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News from the Maine Indian Tribal State Commission

In recent months, the Maine Indian Tribal State Commission (MITSC) has been active on a number of issues. Our Native American Unit attorney Paul Thibeault is a member of the Commission.

The Indian nickname and mascot controversy

MITSC has played a key role in educating the public in Maine about the issue of offensive “Indian” nicknames and mascots. Last August, after consulting with the leaders of the Wabanaki tribes, MITSC wrote to the Wiscasset School Board requesting that the high school stop using the “Redskins” nickname for its sports teams. Members of MITSC made a presentation at a school board meeting and efforts were made to establish a positive dialog between the tribal communities and Wiscasset. Through many community meetings and much reporting by media, residents of Wiscasset as well as people around the state learned a lot about the history of the “Redskins” issue in Maine. It turns out that Wiscasset had played a central role in tragic historic events. Back in the 1750's a colonial garrison at Wiscasset was the actual site where “scalp hunters” would register to get cash payments (bounties) from the colonial government of Massachusetts for killing and capturing Wabanaki people, including women and children. In the end, the Wiscasset school board voted to terminate the use of the Redskins nickname at the end of the current school year. A school mascot committee eventually voted to adopt “Wolverines” as the new nickname for the Wiscasset High School sports teams. As a result, there is now only one high school in Maine that has not given up the Redskins nickname, Sanford High School. A community process has begun that hopefully will lead to the adoption of a new nickname in Sanford.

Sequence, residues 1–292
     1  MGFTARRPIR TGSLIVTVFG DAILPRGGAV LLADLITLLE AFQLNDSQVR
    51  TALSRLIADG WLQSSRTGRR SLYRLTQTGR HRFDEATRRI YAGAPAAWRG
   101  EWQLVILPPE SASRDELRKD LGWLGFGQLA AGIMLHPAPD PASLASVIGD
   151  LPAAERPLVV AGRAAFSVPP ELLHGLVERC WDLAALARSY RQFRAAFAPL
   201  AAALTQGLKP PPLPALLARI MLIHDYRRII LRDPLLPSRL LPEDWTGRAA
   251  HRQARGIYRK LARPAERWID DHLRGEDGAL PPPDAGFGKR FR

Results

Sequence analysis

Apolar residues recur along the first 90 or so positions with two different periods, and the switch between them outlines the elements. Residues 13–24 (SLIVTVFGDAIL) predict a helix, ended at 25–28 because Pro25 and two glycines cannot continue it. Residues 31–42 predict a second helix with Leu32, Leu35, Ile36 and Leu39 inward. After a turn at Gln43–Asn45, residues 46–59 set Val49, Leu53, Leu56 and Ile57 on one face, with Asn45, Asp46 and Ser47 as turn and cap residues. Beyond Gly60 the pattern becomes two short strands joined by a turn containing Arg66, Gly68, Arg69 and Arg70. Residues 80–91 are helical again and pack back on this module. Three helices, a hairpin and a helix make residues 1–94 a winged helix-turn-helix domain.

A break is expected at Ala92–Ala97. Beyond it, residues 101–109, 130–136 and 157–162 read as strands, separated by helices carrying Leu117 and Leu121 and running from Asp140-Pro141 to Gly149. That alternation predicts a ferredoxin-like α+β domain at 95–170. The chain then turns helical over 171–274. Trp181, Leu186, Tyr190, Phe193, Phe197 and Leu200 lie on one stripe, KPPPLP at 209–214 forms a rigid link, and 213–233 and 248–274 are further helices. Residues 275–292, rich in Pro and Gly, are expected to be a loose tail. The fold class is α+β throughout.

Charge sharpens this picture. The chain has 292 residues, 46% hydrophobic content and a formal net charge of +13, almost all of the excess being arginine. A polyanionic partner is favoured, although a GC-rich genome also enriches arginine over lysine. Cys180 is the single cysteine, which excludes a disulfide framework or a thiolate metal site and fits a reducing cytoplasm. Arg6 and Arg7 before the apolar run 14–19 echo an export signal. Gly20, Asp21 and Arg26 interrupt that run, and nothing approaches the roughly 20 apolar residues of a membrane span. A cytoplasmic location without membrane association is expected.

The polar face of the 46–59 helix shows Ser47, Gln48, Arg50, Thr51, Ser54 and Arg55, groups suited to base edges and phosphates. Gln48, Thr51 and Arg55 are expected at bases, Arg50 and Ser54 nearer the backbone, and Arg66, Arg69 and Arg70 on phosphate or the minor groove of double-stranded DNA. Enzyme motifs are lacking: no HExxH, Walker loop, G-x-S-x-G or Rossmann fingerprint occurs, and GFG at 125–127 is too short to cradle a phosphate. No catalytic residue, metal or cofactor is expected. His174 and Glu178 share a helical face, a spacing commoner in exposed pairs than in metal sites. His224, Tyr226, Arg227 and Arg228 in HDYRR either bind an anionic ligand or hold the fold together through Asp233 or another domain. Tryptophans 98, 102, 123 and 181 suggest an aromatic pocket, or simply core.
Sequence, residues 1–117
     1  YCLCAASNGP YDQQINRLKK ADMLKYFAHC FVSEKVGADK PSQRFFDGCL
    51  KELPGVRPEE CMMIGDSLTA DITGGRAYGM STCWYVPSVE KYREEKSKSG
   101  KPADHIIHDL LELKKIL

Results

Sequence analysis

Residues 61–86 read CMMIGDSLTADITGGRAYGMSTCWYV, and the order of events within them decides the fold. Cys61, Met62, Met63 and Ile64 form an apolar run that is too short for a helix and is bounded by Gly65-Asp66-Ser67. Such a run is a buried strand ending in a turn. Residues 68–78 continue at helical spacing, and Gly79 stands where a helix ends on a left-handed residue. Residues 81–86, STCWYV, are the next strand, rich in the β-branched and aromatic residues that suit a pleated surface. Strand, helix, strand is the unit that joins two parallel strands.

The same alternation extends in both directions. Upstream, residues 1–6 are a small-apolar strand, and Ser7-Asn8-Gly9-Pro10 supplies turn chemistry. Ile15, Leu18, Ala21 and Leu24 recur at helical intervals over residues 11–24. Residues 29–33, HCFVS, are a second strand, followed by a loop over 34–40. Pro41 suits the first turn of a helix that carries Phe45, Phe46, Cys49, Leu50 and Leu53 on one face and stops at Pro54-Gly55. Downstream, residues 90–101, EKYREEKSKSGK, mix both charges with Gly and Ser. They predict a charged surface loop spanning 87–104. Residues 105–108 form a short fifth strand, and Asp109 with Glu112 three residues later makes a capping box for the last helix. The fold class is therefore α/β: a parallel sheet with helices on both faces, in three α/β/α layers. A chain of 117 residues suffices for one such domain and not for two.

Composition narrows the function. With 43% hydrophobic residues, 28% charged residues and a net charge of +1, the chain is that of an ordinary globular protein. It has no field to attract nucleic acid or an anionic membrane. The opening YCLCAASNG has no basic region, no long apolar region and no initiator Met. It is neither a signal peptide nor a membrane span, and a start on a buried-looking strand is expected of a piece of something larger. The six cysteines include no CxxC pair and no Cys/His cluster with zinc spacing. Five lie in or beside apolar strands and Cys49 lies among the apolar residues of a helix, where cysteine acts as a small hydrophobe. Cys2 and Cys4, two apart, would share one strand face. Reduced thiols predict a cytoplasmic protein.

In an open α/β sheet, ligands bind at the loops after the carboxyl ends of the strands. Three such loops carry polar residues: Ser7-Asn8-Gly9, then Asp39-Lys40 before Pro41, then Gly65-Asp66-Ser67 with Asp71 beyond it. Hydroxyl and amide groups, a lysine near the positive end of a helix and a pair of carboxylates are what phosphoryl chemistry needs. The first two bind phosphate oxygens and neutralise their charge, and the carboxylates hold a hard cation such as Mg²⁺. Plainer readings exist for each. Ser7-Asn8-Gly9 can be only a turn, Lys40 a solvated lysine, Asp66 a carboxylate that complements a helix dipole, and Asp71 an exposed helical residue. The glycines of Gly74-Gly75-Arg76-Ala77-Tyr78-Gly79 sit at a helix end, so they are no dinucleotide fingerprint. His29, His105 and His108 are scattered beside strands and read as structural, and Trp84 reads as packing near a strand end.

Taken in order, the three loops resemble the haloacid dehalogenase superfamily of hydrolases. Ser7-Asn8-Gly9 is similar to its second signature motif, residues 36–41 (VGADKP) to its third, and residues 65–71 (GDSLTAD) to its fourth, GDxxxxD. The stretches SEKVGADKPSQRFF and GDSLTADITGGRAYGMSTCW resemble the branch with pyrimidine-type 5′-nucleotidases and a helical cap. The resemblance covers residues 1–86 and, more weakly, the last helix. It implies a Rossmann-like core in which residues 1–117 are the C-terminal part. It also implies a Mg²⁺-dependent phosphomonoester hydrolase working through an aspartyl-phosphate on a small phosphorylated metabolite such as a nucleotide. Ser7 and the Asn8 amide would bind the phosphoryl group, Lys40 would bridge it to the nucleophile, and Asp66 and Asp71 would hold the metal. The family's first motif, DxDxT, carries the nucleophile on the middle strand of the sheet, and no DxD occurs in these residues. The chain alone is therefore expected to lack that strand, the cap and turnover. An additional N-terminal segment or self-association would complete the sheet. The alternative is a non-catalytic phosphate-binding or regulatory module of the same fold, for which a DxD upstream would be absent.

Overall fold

United Nations Declaration on the Rights of Indigenous Peoples (UNDRIP)

In December 2010 the United States government announced its support for the U.N. Declaration on the Rights of Indigenous Peoples. (See related front page article on UNDRIP ). At the present time, all over Indian Country in the United States, questions are being asked about what impact the adoption of UNDRIP by the U.S. may have on Indian tribes, especially in the areas of tribal self-determination, protection of natural resources, and the relationships of the tribes with the Federal and State governments. In Maine, the Tribal-State Commission has decided to study UNDRIP and issue a report concerning the potential impact of UNDRIP on the Maine Indian Claims Settlement Act and the Maine Implementing Act.

Federal Laws Passed Since the Settlement in 1980